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Restorative Practices in Hungary — Transforming Schools and Prisons

May 17, 2010

From the Restorative E-Forum article by Laura Mirsky:

In April 2010 Vidia Negrea, director of Community Service Foundation (CSF) Hungary, provided an introductory training in facilitating restorative conferences for four different youth group homes in Budapest. This is just the latest development in her work spreading restorative practices in Hungary, which also includes major efforts in schools and prisons.

Psychologist Negrea came to Bethlehem, Pennsylvania, USA, in 2000 to learn about restorative practices and has never looked back. 

Her recent work has been supported by the Ministry of Justice Hungary and the city of Budapest, including a project to reduce aggressive behavior in children and youth, which is bringing restorative practices to six big-city high schools.

At first some of the leaders in these high schools weren’t open to the idea of restorative practices. The success of the practices in the wake of one particular incident changed their minds.

A group of students who had previously gone to different lower schools and now attended the same high school were traveling together on the Metro (subway) to vocational school, when one of them came up with a hazing dare: Everyone had to push someone in front of an oncoming train and then pull them out of the way at the last minute.

Although no one was hurt, a security guard saw this activity and was very alarmed. Instead of calling the police or the media (the latter of which is very common, said Negrea), he called their school principal. The principal asked the head teacher to figure out what had happened. No one would admit responsibility. Finally a children and youth worker contacted Negrea.

When Negrea visited the high school the boys attend, it seemed to her to be in bad shape. Dissatisfaction permeated the entire school community. Student misbehavior was very common. The teachers barely knew each other and provided no mutual support; instead they just complained about the students and the administration. Negrea was given four weeks, one and a half hours per week, to help address the problem. Instead of tackling the hazing incident directly, she decided first to build a sense of community among staff members and between staff and students.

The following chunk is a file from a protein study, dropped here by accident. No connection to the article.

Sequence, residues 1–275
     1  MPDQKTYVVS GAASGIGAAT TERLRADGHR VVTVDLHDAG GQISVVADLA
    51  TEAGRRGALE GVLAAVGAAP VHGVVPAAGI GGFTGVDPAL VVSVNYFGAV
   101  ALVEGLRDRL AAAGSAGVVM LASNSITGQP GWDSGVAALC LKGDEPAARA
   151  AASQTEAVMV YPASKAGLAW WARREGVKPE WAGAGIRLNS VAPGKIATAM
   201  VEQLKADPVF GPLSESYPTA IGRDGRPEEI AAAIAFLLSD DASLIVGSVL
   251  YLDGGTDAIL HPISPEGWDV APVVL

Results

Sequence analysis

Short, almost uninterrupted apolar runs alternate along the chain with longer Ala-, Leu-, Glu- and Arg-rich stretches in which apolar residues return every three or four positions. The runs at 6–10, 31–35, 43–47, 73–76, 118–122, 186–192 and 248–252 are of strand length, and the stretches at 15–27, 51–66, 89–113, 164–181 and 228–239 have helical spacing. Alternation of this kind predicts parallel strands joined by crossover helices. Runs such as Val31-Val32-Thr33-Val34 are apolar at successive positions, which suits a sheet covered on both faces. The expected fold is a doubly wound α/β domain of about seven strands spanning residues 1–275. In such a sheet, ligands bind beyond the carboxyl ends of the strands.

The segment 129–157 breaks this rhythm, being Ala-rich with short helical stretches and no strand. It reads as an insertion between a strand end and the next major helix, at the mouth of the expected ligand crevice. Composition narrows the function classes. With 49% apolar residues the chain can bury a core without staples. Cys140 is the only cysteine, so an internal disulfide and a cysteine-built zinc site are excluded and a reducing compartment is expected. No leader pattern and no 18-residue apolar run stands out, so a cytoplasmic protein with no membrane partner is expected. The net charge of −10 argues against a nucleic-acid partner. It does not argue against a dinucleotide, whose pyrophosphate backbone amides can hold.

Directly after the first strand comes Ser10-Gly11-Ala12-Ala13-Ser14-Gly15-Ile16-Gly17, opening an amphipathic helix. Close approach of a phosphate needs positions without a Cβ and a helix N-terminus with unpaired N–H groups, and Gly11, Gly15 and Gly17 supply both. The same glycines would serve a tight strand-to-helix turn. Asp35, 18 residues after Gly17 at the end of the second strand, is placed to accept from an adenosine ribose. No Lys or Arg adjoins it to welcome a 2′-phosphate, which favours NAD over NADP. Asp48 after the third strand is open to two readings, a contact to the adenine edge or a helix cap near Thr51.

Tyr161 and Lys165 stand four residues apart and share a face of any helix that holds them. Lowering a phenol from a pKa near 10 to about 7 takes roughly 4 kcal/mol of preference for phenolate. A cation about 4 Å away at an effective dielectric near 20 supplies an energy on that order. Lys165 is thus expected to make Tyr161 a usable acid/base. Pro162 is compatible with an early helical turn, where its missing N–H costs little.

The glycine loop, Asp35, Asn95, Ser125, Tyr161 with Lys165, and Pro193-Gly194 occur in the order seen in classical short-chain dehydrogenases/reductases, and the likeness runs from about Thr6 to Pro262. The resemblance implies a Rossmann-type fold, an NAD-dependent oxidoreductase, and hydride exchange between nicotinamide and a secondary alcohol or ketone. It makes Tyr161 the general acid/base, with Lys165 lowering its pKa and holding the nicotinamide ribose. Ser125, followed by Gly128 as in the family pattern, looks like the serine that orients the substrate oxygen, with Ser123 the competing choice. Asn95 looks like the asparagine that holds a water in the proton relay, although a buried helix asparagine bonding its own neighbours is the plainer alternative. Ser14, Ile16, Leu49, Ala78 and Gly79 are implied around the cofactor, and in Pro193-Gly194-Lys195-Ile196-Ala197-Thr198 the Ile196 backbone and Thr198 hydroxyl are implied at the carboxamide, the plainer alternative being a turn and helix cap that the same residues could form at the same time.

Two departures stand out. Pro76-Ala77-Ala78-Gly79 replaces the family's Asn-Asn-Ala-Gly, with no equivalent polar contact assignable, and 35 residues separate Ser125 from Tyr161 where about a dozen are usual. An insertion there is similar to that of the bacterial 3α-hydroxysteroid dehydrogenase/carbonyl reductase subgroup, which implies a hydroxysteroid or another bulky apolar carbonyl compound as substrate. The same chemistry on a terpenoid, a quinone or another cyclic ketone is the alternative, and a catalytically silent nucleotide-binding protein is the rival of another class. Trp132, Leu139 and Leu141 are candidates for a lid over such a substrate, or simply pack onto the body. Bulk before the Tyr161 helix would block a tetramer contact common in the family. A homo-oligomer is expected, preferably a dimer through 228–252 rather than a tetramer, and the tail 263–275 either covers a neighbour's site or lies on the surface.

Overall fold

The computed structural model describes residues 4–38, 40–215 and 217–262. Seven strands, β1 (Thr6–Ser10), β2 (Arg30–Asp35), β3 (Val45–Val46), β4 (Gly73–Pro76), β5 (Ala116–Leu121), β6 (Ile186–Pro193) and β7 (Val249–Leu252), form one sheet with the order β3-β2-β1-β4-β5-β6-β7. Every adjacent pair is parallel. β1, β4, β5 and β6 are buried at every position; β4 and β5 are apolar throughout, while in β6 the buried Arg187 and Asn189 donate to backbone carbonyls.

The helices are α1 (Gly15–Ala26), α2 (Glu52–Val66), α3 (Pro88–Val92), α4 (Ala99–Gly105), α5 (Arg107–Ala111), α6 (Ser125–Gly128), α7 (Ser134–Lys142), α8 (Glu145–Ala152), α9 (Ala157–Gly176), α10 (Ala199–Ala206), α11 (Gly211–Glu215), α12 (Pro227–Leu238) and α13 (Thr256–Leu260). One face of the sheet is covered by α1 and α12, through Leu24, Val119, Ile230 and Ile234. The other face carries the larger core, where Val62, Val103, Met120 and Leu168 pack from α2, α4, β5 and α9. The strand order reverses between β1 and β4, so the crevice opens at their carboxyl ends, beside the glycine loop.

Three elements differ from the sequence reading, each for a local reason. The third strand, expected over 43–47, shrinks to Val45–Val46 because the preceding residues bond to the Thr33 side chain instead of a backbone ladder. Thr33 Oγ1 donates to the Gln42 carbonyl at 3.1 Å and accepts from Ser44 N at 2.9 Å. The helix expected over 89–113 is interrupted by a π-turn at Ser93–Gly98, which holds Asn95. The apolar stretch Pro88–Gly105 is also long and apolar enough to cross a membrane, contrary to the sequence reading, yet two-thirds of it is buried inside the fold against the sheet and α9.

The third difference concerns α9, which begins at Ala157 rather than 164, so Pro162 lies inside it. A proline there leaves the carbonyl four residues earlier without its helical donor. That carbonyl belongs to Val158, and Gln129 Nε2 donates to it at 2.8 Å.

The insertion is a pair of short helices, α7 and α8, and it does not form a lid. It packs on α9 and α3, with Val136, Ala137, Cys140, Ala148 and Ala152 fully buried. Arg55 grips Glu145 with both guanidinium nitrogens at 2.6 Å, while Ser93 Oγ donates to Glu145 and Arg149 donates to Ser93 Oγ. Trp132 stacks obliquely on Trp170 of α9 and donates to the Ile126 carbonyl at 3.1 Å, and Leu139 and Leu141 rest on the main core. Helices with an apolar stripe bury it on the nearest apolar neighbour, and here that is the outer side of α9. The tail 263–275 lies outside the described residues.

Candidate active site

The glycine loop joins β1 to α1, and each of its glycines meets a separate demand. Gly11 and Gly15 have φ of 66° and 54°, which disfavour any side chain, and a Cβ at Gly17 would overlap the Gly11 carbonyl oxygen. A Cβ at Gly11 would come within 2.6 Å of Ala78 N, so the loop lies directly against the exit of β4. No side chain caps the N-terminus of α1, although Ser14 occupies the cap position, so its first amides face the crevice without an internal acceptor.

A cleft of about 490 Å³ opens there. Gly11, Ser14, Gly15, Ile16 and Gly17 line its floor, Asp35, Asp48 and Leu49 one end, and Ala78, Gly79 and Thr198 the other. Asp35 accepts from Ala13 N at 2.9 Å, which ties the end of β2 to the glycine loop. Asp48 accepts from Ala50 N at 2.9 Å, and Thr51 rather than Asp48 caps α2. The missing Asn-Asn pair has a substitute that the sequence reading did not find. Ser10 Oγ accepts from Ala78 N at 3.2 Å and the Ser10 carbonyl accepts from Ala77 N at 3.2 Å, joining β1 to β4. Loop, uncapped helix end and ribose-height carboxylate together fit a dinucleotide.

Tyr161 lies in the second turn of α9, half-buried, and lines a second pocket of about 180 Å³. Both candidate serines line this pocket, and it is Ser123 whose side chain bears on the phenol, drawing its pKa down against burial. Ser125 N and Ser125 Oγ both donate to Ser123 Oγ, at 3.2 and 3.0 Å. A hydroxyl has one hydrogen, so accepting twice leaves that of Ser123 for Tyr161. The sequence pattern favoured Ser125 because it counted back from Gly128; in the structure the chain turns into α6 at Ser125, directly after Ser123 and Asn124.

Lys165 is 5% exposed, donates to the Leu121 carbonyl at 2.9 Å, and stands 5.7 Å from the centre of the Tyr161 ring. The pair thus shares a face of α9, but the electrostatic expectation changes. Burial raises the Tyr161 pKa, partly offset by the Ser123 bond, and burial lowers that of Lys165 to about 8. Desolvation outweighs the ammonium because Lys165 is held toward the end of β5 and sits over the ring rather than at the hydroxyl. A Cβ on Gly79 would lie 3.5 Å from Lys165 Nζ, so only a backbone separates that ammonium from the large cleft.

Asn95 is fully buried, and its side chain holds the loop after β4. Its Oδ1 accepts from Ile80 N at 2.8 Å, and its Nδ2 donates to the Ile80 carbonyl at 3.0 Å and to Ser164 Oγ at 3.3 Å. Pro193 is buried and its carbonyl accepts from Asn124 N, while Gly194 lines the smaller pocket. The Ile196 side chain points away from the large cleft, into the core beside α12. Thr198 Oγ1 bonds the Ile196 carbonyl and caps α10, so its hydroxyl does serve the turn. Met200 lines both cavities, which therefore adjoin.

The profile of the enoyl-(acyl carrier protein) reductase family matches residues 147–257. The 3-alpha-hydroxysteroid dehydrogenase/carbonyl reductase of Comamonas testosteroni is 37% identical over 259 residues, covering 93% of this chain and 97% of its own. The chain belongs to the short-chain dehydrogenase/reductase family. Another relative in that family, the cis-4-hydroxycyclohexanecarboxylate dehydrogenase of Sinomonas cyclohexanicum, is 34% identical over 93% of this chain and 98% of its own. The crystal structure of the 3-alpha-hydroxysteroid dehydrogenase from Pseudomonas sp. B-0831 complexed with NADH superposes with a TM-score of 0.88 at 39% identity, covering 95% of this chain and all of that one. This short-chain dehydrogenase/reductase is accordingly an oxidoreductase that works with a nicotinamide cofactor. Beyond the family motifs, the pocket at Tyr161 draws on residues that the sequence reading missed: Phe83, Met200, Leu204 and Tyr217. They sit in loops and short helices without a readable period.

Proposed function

She started with games and feedback exercises. By the third week the students were really involved in the process and had begun putting their chairs into a circle in preparation for the activities themselves. One skeptical teacher sat outside the circle for a couple of weeks, but even she put aside her cynicism when she saw how eager the students were to share their feelings with the rest of the group. By the third week she joined the circle.

That week one of the students gave her feedback, telling her that when she went on talking in class after it was over, he felt frustrated because he had no break between classes and no time to go to the bathroom. The surprised teacher thanked the student for his honesty and the courteous way he had shared it.

The teacher, who was about to retire, was now finally enjoying being in school, thanks to the positive feelings the circles had generated in her class. She decided to try to show the students how she felt by playing a game. Using no words, she directed all the boys in the class to stand in the shape of a big boat, in which they all rowed together. Then she stood in the middle of the “boat” and shouted, with all her heart: “Stroke! Stroke! We’ve got to get to land, no matter what! Don’t give up! I’ll help you!” The boys laughed, surprised at this new behavior from their formerly staid and sour teacher. Now there was a real feeling of community in this classroom.

When the school principal saw a photo of that game, he asked Negrea: “What do you need to implement this program?” In the next session the class decided to develop a plan as a group — students and teachers together — on how to move forward in the future. The plan included regular circles every week, with teachers, students and the children and youth coordinator, as well as a parent night. During the parent night they wanted to ask the restorative questions around the Metro incident: What happened? What were you thinking about at the time? What have you thought about since? What do you think needs to be done to make things right? Who has been affected by what you have done and in what way?

On parents’ night, the students presented the restorative circle process to the parents, but they immediately wanted to blame and punish the students. They also wanted a teacher to accompany the students on the Metro from then on. The students replied that this wasn’t the point: They had learned to control themselves, they maintained. They made an agreement to report on their Metro trip to vocational school every week.

For a month, the students had no trouble on the Metro. At this point it was decided that the whole school should learn about the way the Metro problem had been resolved. This successful resolution then filtered up to the top of the Budapest school district administration. Thus wider implementation of restorative practices began in Budapest’s schools.

By April 2010 the first four schools to implement the practices have given very good feedback on the process, although there are no hard data yet. April’s elections in Hungary brought in a new national administration, so it remains to be seen whether the government will continue to fund restorative practices in schools. However, said Negrea, they’re not going to wait for government money but will find other funding sources.

Read the full article.

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